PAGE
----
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Olive Oil Types – Buying Guide (What to Look For)

Of all the countries that produce olive oil, Greece is one of the top three. Not only that but for many experts and connoisseurs, Greek olive oil is considered the very best. But what types of olive oil are best and what should you look for when buying?

It’s important to note, that not all olive oil, and in this case olive oil from Greece, are created equally.

If you truly want to find the best olive oil, you need to know what you should be looking for besides a label that says Greek olive oil.

That’s what we are going to discuss in the following post.

 

Understanding Olive Oil Grades

The first thing you need to understand when looking at olive oil is the different grades it is classified into.

Greek Extra Virgin Olive Oil

Greek extra virgin olive oil is an oil of outstanding taste, aroma, and quality. It is derived from the very first pressing of olives. That’s where the name “virgin” comes from.

It should also be cold-pressed and you may see this on the label, so it’s worth checking for it.

During the processing, no hot water or chemicals is added, and its acidity levels should be lower than 0.8%.

You can also find organic extra virgin olive oil <– among our award-winning olive oils.

Virgin Olive Oil

Virgin olive oil, just like the extra virgin variety also comes from that initial pressing. However, its quality is not the finest.

The taste and aroma are fine, but it tends to have almost 2% acidity levels, so it is not nearly as smooth or mild.

Pure Olive Oil

The next lower grade after the above two is what is often known as Pure Olive Oil.

It’s vital to understand that the pure part does not mean in the traditional sense that it’s pure, as it’s a mixture of refined oils and virgin oil.

While its acidity levels are similar, it is not as nice tasting, you aren’t getting pure virgin oil.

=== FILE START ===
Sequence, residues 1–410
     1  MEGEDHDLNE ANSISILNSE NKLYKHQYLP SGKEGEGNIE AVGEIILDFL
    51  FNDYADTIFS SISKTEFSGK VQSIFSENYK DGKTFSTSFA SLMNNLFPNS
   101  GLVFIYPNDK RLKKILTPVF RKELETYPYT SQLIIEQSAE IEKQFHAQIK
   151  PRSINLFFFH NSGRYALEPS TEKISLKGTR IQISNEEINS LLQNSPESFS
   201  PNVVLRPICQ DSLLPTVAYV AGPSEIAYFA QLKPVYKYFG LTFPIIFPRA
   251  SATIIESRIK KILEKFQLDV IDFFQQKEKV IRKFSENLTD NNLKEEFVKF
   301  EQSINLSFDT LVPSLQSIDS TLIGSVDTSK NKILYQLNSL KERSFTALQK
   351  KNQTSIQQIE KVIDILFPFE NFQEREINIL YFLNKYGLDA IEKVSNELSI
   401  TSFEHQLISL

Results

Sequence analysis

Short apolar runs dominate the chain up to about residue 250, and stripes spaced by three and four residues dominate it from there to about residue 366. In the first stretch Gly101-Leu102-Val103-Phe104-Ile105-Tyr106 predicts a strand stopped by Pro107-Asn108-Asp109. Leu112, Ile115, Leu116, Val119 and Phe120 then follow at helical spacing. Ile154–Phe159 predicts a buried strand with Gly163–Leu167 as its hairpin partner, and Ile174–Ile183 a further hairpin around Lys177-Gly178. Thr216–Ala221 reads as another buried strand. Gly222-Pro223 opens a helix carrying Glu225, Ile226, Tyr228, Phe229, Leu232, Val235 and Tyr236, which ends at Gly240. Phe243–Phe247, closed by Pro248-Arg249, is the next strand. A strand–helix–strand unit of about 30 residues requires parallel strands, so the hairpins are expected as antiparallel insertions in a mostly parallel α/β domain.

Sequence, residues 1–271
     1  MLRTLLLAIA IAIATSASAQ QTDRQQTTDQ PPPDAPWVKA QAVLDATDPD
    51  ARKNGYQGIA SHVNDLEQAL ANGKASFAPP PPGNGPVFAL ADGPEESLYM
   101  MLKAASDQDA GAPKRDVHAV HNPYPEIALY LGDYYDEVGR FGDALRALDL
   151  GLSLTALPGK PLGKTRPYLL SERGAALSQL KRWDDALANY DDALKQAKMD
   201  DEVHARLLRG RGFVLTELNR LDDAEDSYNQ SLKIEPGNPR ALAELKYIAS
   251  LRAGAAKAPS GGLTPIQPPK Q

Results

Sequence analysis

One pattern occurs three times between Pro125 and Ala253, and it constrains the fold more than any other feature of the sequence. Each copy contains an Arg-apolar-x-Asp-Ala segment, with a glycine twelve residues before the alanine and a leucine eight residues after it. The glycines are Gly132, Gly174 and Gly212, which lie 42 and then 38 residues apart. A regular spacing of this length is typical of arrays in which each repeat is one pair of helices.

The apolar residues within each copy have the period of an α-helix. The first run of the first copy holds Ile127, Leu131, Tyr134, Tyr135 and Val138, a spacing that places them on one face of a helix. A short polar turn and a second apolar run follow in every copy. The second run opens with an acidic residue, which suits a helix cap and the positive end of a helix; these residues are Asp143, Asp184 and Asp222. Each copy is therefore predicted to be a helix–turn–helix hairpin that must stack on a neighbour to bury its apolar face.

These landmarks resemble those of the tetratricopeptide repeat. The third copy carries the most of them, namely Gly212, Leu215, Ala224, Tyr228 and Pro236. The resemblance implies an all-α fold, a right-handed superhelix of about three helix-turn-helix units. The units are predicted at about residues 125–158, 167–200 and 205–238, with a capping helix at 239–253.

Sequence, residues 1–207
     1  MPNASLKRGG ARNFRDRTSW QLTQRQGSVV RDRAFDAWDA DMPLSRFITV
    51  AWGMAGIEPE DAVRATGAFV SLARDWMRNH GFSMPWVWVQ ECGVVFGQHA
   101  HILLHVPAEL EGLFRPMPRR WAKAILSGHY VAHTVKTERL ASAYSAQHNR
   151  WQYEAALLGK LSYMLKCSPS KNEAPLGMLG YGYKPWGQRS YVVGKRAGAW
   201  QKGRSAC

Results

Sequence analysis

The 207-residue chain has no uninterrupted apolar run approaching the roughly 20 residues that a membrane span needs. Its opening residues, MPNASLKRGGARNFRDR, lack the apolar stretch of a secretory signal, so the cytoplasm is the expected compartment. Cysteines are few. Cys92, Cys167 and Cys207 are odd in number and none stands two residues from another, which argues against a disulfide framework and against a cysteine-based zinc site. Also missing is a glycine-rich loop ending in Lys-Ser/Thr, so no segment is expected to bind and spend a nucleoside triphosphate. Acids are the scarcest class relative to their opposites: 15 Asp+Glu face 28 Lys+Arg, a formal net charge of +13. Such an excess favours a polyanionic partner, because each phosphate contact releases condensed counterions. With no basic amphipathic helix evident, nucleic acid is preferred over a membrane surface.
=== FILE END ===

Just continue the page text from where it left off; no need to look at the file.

A great advantage to having this olive oil is that it is ideal for some styles of cooking due to its ability to withstand high temperatures.

olive oil poured into bowl - buying guide

Olive Pomace Oil

Even if it’s olive pomace oil from Greece, you don’t want to waste your money on it. This oil is made of what is left behind after all the good parts have been used to extract the best parts.

The quality is very poor and consists of virgin olive oil and olive residue. Much of what makes olive oil good for you is taken out.

 

Olive Oil Buying Guide and What to Look For

There are some things you should look for when buying olive oil to ensure you are getting the best quality olive oil. Look for the following things:

Clarity and Colour

The factors that are not important when choosing olive oil are just as interesting as those that are vital.

For instance, clarity, and whether the oil is transparent and clear or cloudy is not an indication of poor quality.

Neither is the colour. The Colour of oil simply tells you when the olives were harvested. For example,

  • Golden yellow coloured olive oil has been made with olives that are allowed to ripen for a long time
  • Green olive oil is normally made from green olives, those that have been harvested before they have ripened.

Smell and Taste

If only there were an option where you could open the bottle or container and take a quick sip or sniff the olive oil before buying. But, alas, you can’t.

However, there are many ways you can tell if the olive oil is good quality or not by its smell and test when you take it home.

If olive oil has a bad smell, you should not use it. Oxidation may be the cause of the rancidity and the bad smell.

Interestingly, when it comes to taste, personal preference plays a major part in whether one is nice tasting or not.

While one with a sharp or even bitter taste means the olives were harvested before they were ripe, one with a fruity and mild taste is one made from olives that were fully ripened.

Important Note About Acidity Levels

You need to be aware of the acidity levels of olive oils you are buying.

According to the International Olive Council, olive oils that are designated as being suitable for human consumption can have an acidity of as much as 3.3%.

However, that doesn’t mean it will be nice to use in cooking or over your favourite salads and other dishes.

For good quality that tastes and smells good too, you should look for one that has acidity levels well below 1%.

When you are buying an extra virgin, you should be aiming for even lower still.

Always Read the Label Carefully

If you are looking for the best quality, you need to check the label. If you are looking for extra virgin olive oil, it should be marked on the label with an acidity level of less than 0.8%.

There should also be an indication of the region or area it was produced – i.e. somewhere in Greece.

Final Word on Olive Oil Quality

Quality of olive oils and even extra virgin olive oils can be highly variable as this study shows, but hopefully this post have given you some important things to look for when sourcing a quality olive oil.

Iliada takes the utmost care in our olive oil production and have won multiple awards for taste and quality. See our store for our range of extra virgin olive oils -> BUY OLIVE OIL